The Fat Lady Sings

by Will Kemp

They are the Lords and owners of their Faces,
Others, but stewards of their excellence ...
For sweetest things turne sowrest by their deedes,
Roses that fester, smell far worse than weeds.

—Shakespeare, Sonnet 94

She stalks those rebels through her nowhere air,
Revellers dancing wild and free! — who dare
To have no need of her! — and worse, don’t care!
How sad to see Florinda’s cute-styled face
She pictures as a ten-year-old’s, now swell
Into a vain, lugubrious, primal yell —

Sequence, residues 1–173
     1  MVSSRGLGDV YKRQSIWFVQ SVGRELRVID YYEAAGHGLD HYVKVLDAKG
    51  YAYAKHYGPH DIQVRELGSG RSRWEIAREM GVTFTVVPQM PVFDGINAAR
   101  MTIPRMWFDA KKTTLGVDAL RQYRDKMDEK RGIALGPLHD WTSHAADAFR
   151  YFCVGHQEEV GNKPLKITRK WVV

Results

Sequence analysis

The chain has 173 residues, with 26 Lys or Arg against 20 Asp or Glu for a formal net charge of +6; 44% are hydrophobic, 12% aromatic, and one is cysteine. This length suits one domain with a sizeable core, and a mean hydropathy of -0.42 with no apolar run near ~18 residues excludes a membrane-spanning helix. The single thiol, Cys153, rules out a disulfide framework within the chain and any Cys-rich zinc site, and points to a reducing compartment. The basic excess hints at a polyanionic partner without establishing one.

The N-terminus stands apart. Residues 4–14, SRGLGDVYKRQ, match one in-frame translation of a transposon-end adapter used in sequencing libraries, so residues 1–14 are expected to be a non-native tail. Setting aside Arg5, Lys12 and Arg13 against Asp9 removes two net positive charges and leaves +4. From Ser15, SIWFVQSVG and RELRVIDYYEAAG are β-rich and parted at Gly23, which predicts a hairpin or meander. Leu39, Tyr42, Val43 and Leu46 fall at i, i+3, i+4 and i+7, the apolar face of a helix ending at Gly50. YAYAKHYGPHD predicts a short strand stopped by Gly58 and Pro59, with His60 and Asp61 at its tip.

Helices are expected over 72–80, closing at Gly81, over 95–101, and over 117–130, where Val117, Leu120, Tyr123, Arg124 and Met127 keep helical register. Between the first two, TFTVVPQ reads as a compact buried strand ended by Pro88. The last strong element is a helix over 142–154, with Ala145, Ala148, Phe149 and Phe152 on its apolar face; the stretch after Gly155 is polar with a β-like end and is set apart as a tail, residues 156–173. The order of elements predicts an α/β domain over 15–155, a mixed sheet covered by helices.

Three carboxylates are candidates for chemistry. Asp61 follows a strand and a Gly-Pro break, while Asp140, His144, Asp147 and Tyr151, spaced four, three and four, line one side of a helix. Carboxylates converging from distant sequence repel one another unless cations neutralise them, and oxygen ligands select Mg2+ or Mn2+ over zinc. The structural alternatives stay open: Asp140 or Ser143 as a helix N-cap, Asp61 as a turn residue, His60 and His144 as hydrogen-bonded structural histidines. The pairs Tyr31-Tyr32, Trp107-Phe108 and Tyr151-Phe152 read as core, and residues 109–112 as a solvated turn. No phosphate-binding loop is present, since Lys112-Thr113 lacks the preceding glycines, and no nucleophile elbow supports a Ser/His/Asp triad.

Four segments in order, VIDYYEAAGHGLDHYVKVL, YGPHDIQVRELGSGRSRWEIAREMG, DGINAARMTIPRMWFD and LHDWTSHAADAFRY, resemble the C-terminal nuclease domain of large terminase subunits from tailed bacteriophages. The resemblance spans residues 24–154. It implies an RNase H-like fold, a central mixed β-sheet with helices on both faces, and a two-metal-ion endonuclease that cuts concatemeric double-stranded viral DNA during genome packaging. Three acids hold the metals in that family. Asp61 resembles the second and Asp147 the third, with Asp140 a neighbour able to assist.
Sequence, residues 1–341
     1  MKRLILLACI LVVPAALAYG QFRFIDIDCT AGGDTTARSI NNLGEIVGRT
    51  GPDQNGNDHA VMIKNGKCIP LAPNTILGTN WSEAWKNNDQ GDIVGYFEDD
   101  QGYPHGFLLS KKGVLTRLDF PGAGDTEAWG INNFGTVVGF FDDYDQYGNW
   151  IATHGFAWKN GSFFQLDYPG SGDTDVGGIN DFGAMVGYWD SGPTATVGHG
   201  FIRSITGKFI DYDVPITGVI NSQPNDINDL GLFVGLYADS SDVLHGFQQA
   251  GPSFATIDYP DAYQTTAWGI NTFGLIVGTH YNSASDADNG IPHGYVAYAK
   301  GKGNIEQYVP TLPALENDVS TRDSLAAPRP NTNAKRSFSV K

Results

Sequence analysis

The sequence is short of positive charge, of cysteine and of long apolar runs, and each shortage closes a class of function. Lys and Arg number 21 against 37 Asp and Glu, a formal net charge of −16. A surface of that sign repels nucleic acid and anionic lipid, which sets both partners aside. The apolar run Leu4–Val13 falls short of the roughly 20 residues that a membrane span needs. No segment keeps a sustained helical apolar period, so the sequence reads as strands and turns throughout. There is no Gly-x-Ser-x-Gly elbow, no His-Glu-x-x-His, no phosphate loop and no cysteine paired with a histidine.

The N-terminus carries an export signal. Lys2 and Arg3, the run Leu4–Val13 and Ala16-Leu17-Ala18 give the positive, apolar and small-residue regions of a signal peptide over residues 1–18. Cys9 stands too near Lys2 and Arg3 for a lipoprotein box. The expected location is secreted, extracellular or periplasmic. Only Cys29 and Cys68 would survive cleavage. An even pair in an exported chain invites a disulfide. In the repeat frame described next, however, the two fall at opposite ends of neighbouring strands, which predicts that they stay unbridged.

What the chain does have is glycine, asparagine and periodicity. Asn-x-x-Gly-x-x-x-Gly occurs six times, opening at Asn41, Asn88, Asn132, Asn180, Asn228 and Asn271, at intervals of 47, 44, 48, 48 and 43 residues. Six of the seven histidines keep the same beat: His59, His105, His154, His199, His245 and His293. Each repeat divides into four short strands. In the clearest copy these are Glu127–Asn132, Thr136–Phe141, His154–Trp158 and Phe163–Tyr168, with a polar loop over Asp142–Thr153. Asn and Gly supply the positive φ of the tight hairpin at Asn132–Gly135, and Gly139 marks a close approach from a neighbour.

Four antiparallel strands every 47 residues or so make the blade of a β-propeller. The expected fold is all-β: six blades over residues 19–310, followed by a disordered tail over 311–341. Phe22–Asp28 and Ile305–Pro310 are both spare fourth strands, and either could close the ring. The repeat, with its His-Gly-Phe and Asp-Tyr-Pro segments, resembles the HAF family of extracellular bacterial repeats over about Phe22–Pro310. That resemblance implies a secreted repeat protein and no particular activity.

A tricoteuse’s ululating wail —
Such as (she dreams in prurient detail)
Might turn some Oxford (male) professor pale.
She hurls her righteous angst forth to erase
All she can never own: frivolity,
Light-hearted friendship, laughter (non-PC,
Non-doctrinaire), bright cameraderie,
Collaboration; most of all, the male.

Her cute-child’s face begins to recompose
As pampered matron-bigot’s, adipose —
No fresh-bloomed bud, nor cankered, blowsy rose,
But rampantly gargantuan, gross weed
Dismally yodelling vast imperious need.
With seismic wobbles of her broad-beamed bum
She yawns her gullet wide — the song-sobs come:
It’s over for them! the Fat Lady grandly sings,
Friendships, free spirits and unconquered kings!
Snapped back behind her vizor of faux-child,
She glares out at the distant, heedless wild.


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